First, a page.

It would have been impossible for Joseph Smith in 1830 to have been aware of the most important resemblances to ancient Enoch literature in his translation. Other than the limited and typically loose parallels found in 1 Enoch (which was unlikely to have been available to Joseph Smith[9]), the texts that would have been required for a modern author to derive significant parts of Moses 6–7 had neither been discovered by Western scholars nor translated into English. Additionally, even if relevant Enoch traditions from Masonry or the hermetic tradition had been available to Joseph Smith by 1830, it stretches the imagination to assume that they would have provided the Prophet with the suite of specific and sometimes peculiar details that are shared by Moses 6–7 and pseudepigrapha like 2 Enoch and 3 Enoch—and especially the Book of Giants.

The Book of Moses and the Book of Giants

The Book of Giants (BG) has recently come to the fore as one of the most significant ancient witnesses of the Book of Moses account of Enoch. BG appears to contain some of the oldest surviving Enoch material. It is known from a collection of fragments found among the Dead Sea Scrolls (DSS) at Qumran in 1948 and from remnants that were preserved as scripture among adherents of the Manichean religion for a thousand years in wide swaths of Asia.

Overall, BG resembles little else in the Enoch tradition, yet we find in it the most extensive series of significant parallels between a single ancient text and Joseph Smith’s account of Enoch’s preaching mission (Moses 6:37–46), his encounters with the BG equivalent of Mahijah (Moses 6:40, 7:2), subsequent battles with his enemies (Moses 7:13), the complaining of the earth (Moses 7:48–49), the gathering of his people to a place of righteousness (Moses 7:17–19), and their heavenly ascent (Moses 7:69). A detailed discussion of BG and an extensive exploration and analysis of the many thematic resemblances to BG has been published separately.[10]

One potential point of confusion that should be cleared up here is that the main characters in the Book of Giants are not really giants. The word translated as “giants” is gibborim, better translated as “mighty heroes” or “warriors.”[11] As Ida Frölich makes clear, “there is no sign that these beings had a mixed—human and animal—nature. The name gibborim [often mistakenly translated as “giants” in modern translations] refers to their state (armed, mighty men), not their stature which is described as gigantic in a single passage [in the ancient Enoch literature].[12] The term … does not involve the idea of a superhuman or gigantic stature. It was the Greek translation that introduced a term (gigantes) involving the notion of superhuman stature.”[13]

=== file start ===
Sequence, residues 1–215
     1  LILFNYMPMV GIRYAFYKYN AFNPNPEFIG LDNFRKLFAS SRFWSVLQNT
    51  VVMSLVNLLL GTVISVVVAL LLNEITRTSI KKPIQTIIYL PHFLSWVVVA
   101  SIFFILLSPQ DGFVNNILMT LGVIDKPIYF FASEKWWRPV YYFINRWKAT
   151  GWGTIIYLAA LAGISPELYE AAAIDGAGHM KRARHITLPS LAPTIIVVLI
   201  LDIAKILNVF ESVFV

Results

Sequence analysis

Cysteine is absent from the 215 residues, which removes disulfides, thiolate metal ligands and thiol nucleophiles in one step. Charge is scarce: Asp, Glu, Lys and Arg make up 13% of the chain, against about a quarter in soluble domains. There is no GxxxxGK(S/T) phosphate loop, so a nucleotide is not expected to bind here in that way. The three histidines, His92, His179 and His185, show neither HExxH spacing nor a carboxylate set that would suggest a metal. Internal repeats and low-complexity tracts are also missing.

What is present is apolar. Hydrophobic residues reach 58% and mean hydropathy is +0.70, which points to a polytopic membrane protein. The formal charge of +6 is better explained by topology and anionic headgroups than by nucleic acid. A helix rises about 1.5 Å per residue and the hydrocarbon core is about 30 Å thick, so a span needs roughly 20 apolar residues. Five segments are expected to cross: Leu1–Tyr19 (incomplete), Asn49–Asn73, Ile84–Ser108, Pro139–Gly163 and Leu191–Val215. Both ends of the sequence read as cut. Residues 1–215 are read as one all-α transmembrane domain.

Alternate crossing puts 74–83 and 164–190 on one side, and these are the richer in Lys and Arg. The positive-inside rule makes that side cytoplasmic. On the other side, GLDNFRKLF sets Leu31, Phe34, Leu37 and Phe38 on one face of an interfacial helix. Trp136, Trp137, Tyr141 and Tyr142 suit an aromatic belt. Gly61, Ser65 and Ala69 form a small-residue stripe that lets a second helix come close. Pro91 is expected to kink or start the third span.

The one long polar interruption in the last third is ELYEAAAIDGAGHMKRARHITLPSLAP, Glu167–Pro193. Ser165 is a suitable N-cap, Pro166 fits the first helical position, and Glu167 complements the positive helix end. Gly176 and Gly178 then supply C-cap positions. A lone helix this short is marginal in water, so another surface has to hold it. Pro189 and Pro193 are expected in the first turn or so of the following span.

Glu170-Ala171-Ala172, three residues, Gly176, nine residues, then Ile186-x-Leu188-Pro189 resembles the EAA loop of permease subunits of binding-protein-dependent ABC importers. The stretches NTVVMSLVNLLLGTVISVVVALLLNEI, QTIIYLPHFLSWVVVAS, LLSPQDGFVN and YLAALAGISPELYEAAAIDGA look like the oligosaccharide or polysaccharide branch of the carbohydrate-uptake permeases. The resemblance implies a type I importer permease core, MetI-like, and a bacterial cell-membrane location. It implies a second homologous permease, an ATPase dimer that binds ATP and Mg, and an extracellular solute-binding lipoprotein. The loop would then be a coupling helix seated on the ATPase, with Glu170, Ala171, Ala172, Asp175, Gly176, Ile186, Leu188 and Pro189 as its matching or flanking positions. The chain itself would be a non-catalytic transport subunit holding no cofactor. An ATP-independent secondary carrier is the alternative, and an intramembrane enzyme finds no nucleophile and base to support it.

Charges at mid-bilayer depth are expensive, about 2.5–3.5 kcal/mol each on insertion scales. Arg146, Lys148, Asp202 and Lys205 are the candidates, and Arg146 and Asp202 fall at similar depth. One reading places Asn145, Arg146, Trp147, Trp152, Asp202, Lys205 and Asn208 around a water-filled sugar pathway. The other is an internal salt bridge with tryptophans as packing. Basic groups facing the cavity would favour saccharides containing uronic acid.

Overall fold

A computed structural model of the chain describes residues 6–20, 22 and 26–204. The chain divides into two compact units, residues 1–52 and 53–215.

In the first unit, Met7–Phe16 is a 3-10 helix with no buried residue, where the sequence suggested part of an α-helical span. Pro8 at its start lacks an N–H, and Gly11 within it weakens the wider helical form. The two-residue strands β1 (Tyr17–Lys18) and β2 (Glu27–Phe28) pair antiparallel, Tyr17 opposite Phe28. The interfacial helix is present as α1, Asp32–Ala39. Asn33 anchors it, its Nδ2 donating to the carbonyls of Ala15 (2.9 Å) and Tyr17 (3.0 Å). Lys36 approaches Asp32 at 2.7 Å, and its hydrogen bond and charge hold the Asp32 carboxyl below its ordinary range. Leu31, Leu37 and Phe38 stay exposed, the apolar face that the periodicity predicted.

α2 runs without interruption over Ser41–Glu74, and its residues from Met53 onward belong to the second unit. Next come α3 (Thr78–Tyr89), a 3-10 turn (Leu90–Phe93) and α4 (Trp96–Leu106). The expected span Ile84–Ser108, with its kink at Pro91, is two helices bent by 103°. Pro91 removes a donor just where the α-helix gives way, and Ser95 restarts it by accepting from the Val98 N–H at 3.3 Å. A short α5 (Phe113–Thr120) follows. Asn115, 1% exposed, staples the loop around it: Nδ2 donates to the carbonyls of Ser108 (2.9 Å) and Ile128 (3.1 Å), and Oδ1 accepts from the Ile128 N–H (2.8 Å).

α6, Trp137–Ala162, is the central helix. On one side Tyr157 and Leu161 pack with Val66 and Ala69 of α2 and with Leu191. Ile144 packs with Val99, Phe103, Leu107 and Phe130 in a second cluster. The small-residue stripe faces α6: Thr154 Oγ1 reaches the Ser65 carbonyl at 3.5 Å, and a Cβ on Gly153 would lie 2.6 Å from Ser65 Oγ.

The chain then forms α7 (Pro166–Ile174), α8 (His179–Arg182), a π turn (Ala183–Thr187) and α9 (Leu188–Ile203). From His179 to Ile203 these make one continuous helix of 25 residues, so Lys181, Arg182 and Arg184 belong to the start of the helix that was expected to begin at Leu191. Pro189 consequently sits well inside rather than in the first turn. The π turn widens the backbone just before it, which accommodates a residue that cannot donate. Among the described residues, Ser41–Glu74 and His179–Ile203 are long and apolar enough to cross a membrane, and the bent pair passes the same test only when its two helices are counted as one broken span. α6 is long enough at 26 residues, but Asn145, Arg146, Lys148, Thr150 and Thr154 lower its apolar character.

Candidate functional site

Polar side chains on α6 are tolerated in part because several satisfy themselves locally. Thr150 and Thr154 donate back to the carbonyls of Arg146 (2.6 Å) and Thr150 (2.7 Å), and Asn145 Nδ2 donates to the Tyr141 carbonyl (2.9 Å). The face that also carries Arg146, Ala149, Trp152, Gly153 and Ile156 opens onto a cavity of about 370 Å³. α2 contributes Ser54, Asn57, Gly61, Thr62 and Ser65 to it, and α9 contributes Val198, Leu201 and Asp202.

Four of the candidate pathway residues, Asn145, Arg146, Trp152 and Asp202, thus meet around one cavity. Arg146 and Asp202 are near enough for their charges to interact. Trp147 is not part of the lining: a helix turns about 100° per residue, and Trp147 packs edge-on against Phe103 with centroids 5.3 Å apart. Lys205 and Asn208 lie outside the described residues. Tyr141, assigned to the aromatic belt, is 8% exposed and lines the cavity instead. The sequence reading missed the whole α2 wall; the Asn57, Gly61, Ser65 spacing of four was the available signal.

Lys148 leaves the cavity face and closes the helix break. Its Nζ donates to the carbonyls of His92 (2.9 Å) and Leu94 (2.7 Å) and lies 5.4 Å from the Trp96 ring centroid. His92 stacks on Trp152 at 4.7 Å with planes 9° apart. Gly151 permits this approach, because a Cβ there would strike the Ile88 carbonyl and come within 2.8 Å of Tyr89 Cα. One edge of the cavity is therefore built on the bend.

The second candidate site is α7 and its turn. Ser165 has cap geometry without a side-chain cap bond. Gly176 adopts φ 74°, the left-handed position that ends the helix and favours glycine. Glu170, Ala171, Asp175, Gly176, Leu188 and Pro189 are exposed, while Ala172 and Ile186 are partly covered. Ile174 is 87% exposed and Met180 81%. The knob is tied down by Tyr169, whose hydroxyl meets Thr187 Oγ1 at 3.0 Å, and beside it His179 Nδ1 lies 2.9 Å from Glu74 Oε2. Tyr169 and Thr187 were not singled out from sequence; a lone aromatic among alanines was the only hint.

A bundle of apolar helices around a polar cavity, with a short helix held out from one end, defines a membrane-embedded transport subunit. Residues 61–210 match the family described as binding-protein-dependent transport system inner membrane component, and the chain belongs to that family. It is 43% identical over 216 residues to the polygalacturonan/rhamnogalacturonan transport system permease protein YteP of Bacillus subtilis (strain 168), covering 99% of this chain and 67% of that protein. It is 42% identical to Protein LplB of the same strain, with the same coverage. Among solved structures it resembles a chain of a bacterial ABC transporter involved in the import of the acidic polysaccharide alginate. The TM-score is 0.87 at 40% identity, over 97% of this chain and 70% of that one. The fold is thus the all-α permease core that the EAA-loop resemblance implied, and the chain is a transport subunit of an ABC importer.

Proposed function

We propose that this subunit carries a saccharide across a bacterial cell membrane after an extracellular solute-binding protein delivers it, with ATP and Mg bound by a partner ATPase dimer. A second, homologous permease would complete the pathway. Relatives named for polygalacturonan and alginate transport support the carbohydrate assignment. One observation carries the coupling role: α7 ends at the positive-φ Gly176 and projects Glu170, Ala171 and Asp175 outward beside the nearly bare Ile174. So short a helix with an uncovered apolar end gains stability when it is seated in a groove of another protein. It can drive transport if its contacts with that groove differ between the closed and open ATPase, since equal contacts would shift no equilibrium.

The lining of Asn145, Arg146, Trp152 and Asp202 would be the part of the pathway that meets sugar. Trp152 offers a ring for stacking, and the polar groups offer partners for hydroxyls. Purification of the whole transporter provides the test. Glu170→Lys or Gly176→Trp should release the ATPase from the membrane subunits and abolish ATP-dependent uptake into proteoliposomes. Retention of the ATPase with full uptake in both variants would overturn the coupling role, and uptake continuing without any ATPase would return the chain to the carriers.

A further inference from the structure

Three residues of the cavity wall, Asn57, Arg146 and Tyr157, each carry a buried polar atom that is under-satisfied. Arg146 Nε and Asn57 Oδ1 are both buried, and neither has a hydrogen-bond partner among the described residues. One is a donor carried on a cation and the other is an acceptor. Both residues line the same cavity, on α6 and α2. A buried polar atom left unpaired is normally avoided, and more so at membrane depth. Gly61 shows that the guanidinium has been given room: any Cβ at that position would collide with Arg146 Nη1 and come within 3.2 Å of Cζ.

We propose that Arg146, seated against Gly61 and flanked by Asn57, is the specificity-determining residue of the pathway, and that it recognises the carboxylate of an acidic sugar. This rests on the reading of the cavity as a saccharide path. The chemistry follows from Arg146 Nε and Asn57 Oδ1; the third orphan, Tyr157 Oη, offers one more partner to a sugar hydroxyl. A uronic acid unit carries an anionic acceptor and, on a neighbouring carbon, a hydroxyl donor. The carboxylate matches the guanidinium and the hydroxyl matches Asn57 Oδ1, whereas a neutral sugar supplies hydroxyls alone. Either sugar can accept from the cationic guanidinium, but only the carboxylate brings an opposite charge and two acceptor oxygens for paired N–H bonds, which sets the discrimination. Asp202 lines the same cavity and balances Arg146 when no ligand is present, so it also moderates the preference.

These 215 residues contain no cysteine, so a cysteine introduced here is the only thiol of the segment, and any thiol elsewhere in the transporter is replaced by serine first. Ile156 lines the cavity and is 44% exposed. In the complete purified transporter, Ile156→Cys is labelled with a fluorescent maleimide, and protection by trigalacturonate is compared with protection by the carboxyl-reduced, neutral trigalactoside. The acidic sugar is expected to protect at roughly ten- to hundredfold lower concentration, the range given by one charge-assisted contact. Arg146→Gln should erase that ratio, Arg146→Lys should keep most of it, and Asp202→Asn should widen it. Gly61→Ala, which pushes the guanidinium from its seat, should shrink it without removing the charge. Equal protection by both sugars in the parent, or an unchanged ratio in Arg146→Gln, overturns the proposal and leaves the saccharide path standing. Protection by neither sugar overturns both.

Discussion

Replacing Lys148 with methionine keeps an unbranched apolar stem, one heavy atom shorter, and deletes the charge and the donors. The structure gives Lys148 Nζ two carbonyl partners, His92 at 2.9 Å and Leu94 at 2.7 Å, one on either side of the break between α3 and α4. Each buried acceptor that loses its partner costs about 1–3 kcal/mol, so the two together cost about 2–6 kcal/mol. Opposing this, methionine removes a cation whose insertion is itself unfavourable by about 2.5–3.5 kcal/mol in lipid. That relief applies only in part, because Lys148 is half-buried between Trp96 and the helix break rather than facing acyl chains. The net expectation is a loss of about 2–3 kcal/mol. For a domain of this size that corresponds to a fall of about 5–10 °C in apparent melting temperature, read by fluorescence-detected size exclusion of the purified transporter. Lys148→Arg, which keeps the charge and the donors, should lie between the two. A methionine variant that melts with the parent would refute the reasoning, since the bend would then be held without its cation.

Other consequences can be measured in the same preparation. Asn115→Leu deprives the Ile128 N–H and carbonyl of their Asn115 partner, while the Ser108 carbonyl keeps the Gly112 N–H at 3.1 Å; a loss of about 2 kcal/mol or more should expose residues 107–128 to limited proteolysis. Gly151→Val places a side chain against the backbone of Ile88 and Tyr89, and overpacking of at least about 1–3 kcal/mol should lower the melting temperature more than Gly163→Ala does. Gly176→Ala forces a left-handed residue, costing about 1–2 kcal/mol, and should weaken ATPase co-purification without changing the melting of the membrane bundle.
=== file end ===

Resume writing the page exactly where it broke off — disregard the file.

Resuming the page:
Why is this important? because BG, like the Book of Moses, is mainly concerned with Enoch’s dealings with wicked people, the all-too-human gibborim. Both BG and the Book of Moses differ in this respect from 1 Enoch’s Book of Watchers, which relates Enoch’s dealings with wicked superhumans, fallen angels with a fantastical physical form.

Enoch Illustrated: The Manichaean Cosmology Painting

Further confirmation of the Book of Moses Enoch story can be found in a remarkable illustration: the Manichaean Cosmology Painting (MCP, sometimes called the Manichaean Diagram of the Universe[14]). Its scenes are depicted on a silk hanging scroll that originally measured about 158 by 60 centimeters. It was probably created by a painter from southern China during the Yuan Dynasty (1271–1368).

In the Manichaean tradition, paintings such as MCP were often created for teaching purposes. In the brief summary of Gulácsi and Jason BeDuhn, they give readers some idea of the monumental conceptual scale of this complex painting. They write that it is “a visual catechism … conveyed within a complex iconography of over 900 motifs distributed in a layered symmetry that merges anthropomorphic, geomorphic, and architectonic features into a monumental cosmic map of salvation.”[15]  Recently, it was discovered that, along with many other images relating to Manichaean teachings, significant snapshots of the BG account of Enoch are illustrated in the painting. These visual details fill gaps in our understanding of the story and help define some of the events and characters more concretely.

Detail of MCP. Hierocentric map of earth, showing the earth with Mount Sumēru in the scared center. Several motives from the Manichaean version of BG are featured in the illustration, along with themes from elsewhere in the Manichaean scriptural canon.[16]